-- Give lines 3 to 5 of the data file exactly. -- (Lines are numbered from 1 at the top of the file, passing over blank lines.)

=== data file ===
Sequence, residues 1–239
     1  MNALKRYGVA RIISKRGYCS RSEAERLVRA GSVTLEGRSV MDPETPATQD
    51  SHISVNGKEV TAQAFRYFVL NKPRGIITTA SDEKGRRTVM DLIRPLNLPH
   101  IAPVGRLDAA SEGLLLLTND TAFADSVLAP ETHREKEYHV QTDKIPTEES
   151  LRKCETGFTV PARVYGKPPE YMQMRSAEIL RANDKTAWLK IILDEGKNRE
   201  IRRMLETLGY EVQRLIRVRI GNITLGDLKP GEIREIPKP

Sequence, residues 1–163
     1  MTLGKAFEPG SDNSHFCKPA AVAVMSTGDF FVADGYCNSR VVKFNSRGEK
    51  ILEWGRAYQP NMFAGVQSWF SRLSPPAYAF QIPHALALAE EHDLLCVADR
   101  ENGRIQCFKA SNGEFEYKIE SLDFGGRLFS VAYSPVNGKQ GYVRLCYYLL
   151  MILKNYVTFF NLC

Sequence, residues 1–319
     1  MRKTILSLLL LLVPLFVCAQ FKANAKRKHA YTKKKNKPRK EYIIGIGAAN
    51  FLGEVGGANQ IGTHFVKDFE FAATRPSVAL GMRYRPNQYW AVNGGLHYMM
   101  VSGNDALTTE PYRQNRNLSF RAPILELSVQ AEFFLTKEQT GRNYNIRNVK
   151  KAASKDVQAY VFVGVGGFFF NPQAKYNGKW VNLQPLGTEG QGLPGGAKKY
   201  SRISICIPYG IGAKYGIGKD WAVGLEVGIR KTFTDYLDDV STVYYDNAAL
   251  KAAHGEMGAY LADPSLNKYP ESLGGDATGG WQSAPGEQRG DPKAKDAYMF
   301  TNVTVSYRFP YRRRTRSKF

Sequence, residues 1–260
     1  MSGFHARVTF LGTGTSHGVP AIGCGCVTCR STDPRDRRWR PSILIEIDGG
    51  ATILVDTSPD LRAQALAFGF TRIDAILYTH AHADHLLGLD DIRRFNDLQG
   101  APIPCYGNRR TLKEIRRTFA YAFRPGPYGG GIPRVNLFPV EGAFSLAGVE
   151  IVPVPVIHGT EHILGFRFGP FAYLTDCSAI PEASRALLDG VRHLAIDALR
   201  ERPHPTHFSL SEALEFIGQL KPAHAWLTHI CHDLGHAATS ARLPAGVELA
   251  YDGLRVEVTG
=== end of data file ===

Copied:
    51  SHISVNGKEV TAQAFRYFVL NKPRGIITTA SDEKGRRTVM DLIRPLNLPH
   101  IAPVGRLDAA SEGLLLLTND TAFADSVLAP ETHREKEYHV QTDKIPTEES
   151  LRKCETGFTV PARVYGKPPE YMQMRSAEIL RANDKTAWLK IILDEGKNRE